In 2016, Big East Commissioner Val Ackerman said, “The NCAA is considering allowing student athletes to accept endorsements,” as if it was happening fairly soon. So I thought, “Well, that would be great for them.” But as time passed, nothing happened.
That is, until July 1, 2021, when it became a reality. The National Collegiate Athletic Association voted unanimously to allow college athletes to earn money off of their name, image and likeness. It was a breakthrough decision because athletes can build out their personal platforms with their continual use of social media. And they already have.
We Work With What’s Real
You should know the universities do not pay the athletes. That’s important. It might not have even been legal in 2016 when Ackerman was talking about it. I think the reason it took so long is because there are definite plusses and minuses to this decision. At the true heart of financial planning, for me, I know that I only work with what’s real.
Take tax law, for example. Until it’s real, meaning until it passes, I go with the laws that are real right now. What the NCAA did on July 1 is definitely real. It’s a financial windfall for some athletes.
Financial Literacy Plays a Huge Role
Many athletes do not come from money, so a young person rewarded a bunch of money comes with a high potential of relational, personal and societal risk. The problem is the lack of financial literacy. Many people don’t care that much about money until they have it. When they have it, it becomes very real. However, at that point, it might be too late.
In my practice, I try to build relationships, and to coach athletes to save and invest. With pro athletes, the goal is to spend little, save and invest a lot, so that when their playing days are over, they have a nice income from dividends and interest.
Good news, however, is I think the players today are learning more about money and investing than in the past. They have seen many things break apart in their worlds so a lot more players are doing it right. The tide has turned – and with a lot of them, it probably comes down to having financial education.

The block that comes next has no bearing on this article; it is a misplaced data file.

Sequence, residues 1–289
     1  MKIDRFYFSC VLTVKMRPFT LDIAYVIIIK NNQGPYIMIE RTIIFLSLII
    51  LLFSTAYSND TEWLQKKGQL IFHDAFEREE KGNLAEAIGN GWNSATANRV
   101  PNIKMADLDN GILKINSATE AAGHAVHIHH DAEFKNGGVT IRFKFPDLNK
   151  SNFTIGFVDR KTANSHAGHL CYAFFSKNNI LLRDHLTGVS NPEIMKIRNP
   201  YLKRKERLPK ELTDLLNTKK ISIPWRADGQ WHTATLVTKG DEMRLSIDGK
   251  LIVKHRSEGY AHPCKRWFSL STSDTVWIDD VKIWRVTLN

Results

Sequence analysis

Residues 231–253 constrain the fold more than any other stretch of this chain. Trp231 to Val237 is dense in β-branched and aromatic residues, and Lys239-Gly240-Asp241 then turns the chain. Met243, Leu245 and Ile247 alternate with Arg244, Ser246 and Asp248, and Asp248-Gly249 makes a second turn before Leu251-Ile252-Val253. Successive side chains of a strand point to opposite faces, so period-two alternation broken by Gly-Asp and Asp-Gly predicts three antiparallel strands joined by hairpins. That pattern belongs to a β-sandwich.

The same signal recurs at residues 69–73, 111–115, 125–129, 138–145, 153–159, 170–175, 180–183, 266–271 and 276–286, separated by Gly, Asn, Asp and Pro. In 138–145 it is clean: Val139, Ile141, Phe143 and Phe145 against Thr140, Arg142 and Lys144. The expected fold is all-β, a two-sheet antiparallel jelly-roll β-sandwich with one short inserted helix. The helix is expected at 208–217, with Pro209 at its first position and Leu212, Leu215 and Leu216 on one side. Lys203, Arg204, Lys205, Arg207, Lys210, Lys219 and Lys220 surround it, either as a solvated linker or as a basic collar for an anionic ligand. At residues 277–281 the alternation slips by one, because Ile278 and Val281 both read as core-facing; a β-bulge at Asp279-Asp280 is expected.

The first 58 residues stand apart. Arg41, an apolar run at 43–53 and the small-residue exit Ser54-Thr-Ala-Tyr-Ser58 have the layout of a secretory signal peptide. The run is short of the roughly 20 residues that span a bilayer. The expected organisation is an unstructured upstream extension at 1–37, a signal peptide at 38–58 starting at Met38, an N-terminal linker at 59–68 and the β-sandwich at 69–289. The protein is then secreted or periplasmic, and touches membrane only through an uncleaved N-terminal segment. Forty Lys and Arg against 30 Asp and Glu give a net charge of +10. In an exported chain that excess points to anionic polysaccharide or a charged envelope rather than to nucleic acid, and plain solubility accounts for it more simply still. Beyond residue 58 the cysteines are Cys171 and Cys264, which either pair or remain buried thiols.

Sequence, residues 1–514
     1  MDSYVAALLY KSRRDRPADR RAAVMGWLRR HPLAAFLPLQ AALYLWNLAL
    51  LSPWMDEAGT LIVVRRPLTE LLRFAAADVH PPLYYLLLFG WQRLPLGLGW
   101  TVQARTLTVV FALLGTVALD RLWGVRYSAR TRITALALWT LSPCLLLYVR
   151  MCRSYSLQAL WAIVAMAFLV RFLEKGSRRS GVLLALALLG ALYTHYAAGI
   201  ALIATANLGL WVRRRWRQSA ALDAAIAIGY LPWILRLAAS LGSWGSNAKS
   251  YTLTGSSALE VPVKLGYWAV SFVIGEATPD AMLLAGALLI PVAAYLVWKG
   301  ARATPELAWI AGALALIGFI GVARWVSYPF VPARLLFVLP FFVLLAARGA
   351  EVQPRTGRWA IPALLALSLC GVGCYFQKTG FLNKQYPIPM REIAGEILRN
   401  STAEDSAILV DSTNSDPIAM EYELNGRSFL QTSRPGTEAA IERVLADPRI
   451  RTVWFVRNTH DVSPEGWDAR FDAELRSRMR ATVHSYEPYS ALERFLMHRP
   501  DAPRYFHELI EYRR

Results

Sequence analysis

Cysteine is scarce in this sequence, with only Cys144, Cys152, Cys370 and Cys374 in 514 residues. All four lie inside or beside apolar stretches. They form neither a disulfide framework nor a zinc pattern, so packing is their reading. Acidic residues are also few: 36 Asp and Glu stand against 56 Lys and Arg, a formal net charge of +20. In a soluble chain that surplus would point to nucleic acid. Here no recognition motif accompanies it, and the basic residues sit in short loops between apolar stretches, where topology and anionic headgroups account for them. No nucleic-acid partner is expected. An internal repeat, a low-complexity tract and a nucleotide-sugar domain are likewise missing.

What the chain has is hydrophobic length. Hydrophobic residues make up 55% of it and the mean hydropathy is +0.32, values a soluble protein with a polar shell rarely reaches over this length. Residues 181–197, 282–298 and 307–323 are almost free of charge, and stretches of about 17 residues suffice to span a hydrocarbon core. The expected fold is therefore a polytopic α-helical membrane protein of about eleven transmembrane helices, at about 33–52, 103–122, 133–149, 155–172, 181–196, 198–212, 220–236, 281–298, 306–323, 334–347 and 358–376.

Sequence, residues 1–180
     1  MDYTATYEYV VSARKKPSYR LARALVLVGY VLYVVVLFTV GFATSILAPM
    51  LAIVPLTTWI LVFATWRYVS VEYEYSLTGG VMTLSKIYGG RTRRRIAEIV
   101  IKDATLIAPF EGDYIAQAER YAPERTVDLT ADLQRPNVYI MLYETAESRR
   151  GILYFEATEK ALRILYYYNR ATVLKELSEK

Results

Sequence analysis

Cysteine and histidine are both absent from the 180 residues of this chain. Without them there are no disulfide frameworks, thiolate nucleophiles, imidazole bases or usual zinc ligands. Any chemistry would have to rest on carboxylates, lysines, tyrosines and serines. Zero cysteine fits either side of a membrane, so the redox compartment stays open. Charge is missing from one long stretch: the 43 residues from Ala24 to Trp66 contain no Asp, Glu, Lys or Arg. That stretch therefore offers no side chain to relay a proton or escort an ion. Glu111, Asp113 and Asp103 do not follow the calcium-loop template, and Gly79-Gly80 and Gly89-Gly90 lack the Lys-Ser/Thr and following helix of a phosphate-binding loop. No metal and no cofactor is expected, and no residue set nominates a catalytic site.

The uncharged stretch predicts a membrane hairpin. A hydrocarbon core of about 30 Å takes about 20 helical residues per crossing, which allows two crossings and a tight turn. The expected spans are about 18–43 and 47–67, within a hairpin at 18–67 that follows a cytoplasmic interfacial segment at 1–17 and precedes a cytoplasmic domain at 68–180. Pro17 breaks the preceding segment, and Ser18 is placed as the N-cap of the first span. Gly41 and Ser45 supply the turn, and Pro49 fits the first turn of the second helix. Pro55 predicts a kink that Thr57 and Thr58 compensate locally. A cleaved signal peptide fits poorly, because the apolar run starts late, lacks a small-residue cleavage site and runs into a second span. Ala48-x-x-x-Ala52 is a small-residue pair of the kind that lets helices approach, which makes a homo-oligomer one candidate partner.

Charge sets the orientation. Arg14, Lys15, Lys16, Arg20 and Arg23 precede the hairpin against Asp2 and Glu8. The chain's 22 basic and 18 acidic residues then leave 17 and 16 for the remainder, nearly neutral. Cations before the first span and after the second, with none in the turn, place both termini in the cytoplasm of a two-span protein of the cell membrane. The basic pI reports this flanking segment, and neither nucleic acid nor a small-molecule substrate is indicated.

It’s Not as Easy as it Looks
I had one player, eight years in the league and still playing today, who wanted to learn about the stock market and investing. He had no debt and one day said to me, “Listen. I want you to teach me how to ‘fish’ so that I can do it myself.” Not only did I admire that, but I also felt it was a big mistake for an athlete to want to become a financial expert on his own.
I think all young athletes need mentors, helpers and partners. The ones that don’t are at risk. I’m happy for them, and I think they deserve it, but I also wish they would align themselves with a couple of people that care for them, which isn’t always the case.
What I Would Do to Help Them
Every athlete is different. I would learn his life story and see who, if anybody, is in his corner. It could be a family member, coach or friend. It is really important for young athletes to surround themselves with the right people.
Money does weird things to people. Parents are not always a good help because they, themselves, might not be financially literate. This is real money we’re talking about. If I earned a million dollars at 22, I don’t know how I would have handled it.
If somebody in your family is one of these athletes, please feel free to contact me directly at firstname.lastname@example.org. I would love to meet in person. If outside the area, a Zoom meeting would be fine. Just be real. And don’t let the money get into your eyes.